Were there financial problems that Stetson did not want to disclose at the next day's board of director's meeting? So much so that he jumped to his death? Or did someone, perhaps wanting to keep Stetson silent, push him out the window? Or did he simply misjudge his seating and fall?
Whatever the answer, what remains of Steton's Dam is in a beautiful and serene setting. The water from the dam was diverted back into a ditch, now called the Gardner Canyon Ditch. We follow again the nearly level route. By now, nearly nine miles into the hike, we are tiring. The shadows lengthen and we step along, hoping to make Kentucky Camp while the sun still shines. This segment is one of the most scenic of the entire route. We hike above the Gardner Canyon Road with the cliffs of Big Casa Blanca Canyon on our right and views of the rolling Sonoita Valley in front of us.
In 30 minutes we come to a penstock designed to sift out gravel and other debris from the water before it entered a 24-inch pipe. This is the first time we encounter the pipe but from now on the system will alternate back and forth between a pipe and a ditch. We check out the penstock, peering into the pit where we can see the protruding pipe, all the while keeping an eye on the sun which is dropping quickly toward Mount Wrightson.
We descend a rather steep hill and imagine the water gathering speed as it dropped 200 vertical feet through the pipeline. As we cross the road, the trail is absolutely flat. The pipeline is covered with mounds of rock and looks like a collapsed prehistoric wall. We are now near Apache Springs Ranch and see buildings in the distance before we drop into the ravine cut by Cave Creek. Originally the pipe crossed the creek on wooden supports. A portion of rusting pipe still protrudes from the side of the ravine.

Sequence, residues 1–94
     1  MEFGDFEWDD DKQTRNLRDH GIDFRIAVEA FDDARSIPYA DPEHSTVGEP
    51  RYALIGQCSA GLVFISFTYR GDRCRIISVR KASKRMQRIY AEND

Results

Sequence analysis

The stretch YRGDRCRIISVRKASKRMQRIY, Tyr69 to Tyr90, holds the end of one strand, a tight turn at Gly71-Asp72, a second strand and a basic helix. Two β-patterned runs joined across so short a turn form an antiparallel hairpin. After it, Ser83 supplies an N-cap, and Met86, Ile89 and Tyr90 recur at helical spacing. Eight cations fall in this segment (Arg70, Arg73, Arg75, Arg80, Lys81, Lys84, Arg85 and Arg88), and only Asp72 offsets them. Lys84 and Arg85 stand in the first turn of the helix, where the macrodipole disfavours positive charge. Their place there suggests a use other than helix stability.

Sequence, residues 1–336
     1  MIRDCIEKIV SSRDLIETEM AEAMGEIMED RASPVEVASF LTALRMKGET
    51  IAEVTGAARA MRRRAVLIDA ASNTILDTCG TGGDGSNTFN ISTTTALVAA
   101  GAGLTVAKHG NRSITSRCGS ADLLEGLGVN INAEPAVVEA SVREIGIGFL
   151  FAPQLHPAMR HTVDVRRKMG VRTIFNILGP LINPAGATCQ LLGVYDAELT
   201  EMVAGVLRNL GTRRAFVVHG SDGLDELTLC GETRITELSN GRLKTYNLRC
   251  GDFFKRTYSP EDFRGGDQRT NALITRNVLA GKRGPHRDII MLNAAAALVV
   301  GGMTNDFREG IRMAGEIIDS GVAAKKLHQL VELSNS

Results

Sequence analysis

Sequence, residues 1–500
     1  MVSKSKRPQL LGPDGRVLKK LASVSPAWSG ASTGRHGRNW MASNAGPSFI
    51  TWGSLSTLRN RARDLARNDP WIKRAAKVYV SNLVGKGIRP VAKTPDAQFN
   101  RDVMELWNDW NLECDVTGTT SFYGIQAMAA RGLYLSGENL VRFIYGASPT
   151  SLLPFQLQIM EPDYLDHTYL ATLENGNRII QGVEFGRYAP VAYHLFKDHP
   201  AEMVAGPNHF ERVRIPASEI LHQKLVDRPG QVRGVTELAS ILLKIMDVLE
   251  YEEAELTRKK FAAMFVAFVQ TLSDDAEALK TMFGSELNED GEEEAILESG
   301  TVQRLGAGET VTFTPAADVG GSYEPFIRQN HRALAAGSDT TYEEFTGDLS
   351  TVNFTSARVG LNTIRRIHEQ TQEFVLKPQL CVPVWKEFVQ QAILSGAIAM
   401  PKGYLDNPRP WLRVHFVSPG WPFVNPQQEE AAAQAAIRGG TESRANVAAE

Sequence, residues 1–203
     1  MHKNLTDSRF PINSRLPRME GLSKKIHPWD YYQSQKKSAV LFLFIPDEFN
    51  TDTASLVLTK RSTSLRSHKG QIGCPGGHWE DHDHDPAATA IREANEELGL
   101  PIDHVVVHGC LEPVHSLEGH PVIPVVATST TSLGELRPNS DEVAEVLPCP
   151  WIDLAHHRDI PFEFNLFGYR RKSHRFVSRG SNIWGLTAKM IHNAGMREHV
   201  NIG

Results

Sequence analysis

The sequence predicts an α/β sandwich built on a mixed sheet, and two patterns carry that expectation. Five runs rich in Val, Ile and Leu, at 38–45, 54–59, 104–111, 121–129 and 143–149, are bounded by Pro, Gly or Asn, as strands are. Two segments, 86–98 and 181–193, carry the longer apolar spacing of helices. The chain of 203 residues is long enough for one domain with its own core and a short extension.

"We're getting close to the trailhead parking area," I point out as we climb out of the creek bed. We cross Gardner Canyon Road and rejoin the train, walking a few hundred yards to a parking area for the Arizona Trail. Several large interpretive plaques show the route of the trail. "What happened to the pipe?" Jo asks, as we start the short steep climb to the ridge, known as Dead Horse Mesa. I point out sections of the pipe at the base of the hill. "The water actually flowed up the hill to the top of the ridge," I explain. "The key is the elevation. The water dropped 200 feet from the penstock, but had to climb only 160 feet."
At the top of Dead Horse Mesa, Jo calls Glenn on my cell phone to tell him we are about an hour from Kentucky Camp and that he should be on his way. The water continued in the pipeline for a short distance before entering the Dead Horse Mesa Ditch. The views are again amazing, especially near sunset. "This is incredible," Linda says, as she looks across the valley.